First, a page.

We lost another homeless person this past week. Eddy Newman was sleeping at the tracks and was found not responsive. Paramedics could not revive him. He was only 30 years old. His mother and grandmother live in our community. We are very sad about this as he was a helper at the Drop-In Center.
Not unlike our own neighborhoods, when something looks like it could change or innovators get out of line or someone crosses their turf line, it goes the same way in the outlying areas of our community where the homeless population lives.
They refer to each other by where they sleep. “They are at the tracks” or “They are at the lower river.” They tell stories on each other and love the gossip of who did what and who was arrested yesterday. There is rivalry and suspicion of the other camps. It is a sad commentary of how some live their lives. After a time, they view it as normal and don’t see themselves living any other way.
One of our reasons for serving this population is that for a time with us during the day at the Drop-In Center or at Many Meals, they get a soft touch and kind words. It brings them back to what many of them knew as children or before drugs and alcohol became what they worship. They also listen to the news. They were intent on the Thomas Fire, the tragedy in Montecito and always on national news.
Street life is hard and ugly. It’s a constant search for money for a fix or the big beer and burrito. With us, they don’t have to worry about food or bus passes for court appearances, and as a result, I think there is less panhandling. But, stealing is a way of life and they are always protecting their back backs, blankets and phones. Every day we hear a plea for another blanket, lotion, water bottles and small amounts of cash. Daily, we lose hand soap dispensers, toilet paper, and napkins.
In case you wondered, there is a rotation for who gets the hot spot at the bottom of the 10th street exit. One of them tends to sleep through his shift.
A number of our unsheltered friends are working at making things right by the law by completing community service hours. I signed off today on a completion of over 300 hours. It took her two years to do it but she did it. Whenever they start, they feel like it’s hopeless. We always take them in for assignments and they soon begin to see the wisdom of the work. They like being needed and making new friends, and before long they see the results of their good work and intentions. I tell them it’s like going on a diet. Soon those uneaten calories add up!
Last week at Many Meals, we adopted the sweet task of learning the names of our guests. Our volunteers are so amazing. There are several children from 6 to 10; many teenagers from Santa Paula High School and St. Augustine Academy, community members and leaders. I often look around the room and see the charming variety of humanity comprised of grandmas with little ones, families in after work, and very senior men eating alone and eating generously. I wonder where they came from and how did their paths and ever cross mine? There are numerous connections for those in need with a variety of available services.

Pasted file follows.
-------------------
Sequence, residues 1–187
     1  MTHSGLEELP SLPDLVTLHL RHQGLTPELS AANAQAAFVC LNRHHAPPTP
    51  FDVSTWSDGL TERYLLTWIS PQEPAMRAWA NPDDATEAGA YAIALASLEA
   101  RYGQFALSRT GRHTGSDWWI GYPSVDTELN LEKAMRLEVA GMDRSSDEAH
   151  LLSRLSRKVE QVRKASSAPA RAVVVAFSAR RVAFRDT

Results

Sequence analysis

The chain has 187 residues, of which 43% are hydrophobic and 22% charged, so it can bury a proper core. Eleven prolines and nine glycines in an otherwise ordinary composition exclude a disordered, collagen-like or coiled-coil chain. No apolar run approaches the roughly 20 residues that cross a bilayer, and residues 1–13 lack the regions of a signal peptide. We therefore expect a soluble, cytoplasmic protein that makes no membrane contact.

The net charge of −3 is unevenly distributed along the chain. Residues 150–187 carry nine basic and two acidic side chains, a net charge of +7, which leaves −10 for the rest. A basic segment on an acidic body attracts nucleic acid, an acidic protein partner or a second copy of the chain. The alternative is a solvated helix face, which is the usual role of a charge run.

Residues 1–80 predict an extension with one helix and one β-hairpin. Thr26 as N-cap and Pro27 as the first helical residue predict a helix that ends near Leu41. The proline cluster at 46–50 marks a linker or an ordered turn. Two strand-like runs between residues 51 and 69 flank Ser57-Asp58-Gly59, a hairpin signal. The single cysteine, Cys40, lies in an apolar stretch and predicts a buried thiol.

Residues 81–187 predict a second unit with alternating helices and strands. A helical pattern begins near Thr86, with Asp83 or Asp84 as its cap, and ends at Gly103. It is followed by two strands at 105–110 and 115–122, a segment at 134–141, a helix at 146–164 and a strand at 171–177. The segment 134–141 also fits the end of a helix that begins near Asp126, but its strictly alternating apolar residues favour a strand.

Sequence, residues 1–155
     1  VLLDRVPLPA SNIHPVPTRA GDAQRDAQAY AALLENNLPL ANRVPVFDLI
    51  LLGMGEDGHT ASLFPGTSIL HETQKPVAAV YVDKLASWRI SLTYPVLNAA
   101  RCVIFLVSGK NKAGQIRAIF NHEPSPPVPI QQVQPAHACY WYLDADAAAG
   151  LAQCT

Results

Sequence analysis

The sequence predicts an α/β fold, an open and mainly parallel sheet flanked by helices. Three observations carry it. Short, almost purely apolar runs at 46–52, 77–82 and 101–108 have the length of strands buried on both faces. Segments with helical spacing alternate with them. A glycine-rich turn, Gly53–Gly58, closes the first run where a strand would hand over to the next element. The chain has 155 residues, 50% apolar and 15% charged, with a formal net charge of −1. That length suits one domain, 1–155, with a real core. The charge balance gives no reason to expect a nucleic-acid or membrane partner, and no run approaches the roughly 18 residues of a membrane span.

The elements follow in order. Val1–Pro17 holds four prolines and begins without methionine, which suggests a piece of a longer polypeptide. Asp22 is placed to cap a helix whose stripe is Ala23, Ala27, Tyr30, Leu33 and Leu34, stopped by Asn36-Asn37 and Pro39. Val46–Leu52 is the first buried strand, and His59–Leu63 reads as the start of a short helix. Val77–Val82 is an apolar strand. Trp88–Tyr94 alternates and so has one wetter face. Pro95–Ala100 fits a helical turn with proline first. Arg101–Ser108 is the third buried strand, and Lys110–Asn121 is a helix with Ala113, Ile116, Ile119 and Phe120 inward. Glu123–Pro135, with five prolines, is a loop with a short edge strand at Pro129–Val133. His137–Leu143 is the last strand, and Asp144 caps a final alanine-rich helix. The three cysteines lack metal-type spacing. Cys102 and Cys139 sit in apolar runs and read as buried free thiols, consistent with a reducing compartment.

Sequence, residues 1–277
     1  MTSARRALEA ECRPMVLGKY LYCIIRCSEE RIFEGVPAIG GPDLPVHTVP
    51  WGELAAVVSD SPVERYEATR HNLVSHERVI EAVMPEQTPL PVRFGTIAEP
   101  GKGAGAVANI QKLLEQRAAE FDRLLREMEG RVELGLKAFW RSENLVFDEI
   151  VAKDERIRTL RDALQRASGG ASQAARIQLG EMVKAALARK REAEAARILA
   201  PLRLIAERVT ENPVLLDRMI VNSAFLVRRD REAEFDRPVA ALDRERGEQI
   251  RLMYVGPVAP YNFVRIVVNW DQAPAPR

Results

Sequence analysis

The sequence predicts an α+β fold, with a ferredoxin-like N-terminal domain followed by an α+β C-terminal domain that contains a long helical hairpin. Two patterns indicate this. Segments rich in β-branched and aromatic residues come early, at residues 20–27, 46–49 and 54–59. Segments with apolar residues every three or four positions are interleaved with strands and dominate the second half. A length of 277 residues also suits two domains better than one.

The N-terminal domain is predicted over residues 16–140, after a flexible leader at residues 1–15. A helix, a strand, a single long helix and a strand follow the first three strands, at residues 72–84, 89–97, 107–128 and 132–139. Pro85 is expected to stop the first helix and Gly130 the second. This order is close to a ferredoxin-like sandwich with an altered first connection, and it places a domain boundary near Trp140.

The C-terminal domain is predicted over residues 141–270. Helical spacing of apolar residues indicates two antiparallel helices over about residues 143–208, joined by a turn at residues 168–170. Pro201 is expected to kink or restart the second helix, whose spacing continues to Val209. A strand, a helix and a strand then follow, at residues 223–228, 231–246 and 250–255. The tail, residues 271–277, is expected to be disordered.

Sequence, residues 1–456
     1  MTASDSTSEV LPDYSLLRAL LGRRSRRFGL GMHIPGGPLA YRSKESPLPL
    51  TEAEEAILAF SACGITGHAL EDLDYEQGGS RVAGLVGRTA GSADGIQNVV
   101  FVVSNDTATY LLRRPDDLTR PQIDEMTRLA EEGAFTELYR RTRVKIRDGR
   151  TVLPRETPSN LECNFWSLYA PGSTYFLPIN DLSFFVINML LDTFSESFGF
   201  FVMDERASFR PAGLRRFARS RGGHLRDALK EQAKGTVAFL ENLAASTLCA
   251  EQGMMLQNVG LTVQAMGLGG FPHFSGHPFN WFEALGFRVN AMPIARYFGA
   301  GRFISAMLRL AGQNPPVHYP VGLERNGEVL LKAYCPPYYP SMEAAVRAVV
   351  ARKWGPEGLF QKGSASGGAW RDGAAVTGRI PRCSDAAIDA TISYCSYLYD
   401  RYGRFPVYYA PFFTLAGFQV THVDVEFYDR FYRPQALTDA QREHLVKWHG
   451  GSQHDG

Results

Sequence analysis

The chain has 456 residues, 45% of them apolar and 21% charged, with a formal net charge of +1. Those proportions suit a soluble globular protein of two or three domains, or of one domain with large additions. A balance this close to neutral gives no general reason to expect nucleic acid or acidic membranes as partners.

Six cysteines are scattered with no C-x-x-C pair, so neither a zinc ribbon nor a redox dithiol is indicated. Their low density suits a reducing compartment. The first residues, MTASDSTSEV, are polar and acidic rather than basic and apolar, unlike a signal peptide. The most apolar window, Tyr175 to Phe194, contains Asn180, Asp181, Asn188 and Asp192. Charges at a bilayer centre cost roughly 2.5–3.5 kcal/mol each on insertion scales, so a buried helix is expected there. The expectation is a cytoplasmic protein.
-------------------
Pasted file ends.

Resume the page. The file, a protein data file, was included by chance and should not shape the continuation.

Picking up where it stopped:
Our meals are fabulous. The 8-9 cooks who gather at noon on Wednesdays take my recipe and ingredients and make it theirs. Many of our student volunteers eat together in the dining room before they go home. That’s a testimony to the cooks, right?
Our Mental Health Moment from Dr. Miller was about eating properly and balancing food intake, relating it to the ravages of anorexia, binge eating and purging. I have three homeless women who are on the verge of this disorder. Offering food is not always the right answer. So, we offer ourselves.
Showers – Jill Wallerstedt and Melinda White assist the County Healthcare Agency in offering weekly showers. There are 8 – 12 weekly faithful attendees. This number will grow when warmer weather arrives. There will be a grand opening for the public to see what we are doing on Friday, February 23 at 9 am. Please come. It is located at 1029 E. Santa Paula Street, at El Buen Pastor United Methodist Church.
The Count of Homeless Persons 2018 event sign-up page is now on the Volunteer Ventura County website. This activity is an education in itself. You will be safe and with us. Please click this link to volunteer on Thursday, February 22 from 6 am to 1 pm. View: http://www.volunteerventuracounty.org/aem/general/event/?doc_id=4649
Free Eye Glasses: Thanks to the amazing work of the Lions Club and the cooperation of members at the Church of Christ, free exams and prescription glasses will be given on Saturday, Feb 17 from 8 am to 2 pm at Santa Paula Church of Christ, 276 W. Santa Paula Street. Call Ken Ary 805.201.5929 or Al Learn 805.525.8566.
Food Share was on alert today with a major food inspection of their facilities. We came home with 1200 lbs of food and spent $8. Lots of melons, Meyer lemons, romaine, potatoes, oranges, pears, rolls, muffins, pastries among other foods.
While it will be warm tomorrow, we are serving cold chicken curry pasta with olives, sweet relish, raisins, celery and onions. Hot buttered carrots with a brown sugar orange glaze, rolls and butter, romaine lettuce salad with tomatoes.
You really should join us. It’s my weekly adventure into a very special world of service.
Don’t forget to name SPIRIT of Santa Paula when you shop on www.smile.amazon.com. Thanks for reading and caring about what we do.
This has been a month to remember with the Thomas Fire causing such fear and bringing such disaster. Despite the impact of the winds, the terrible air quality and learning why breathing in that toxic cocktail of particles is so dangerous, the homeless population felt little impact. They were glued to the television and caught up in the reporting, but for the air quality, they lived their lives as usual.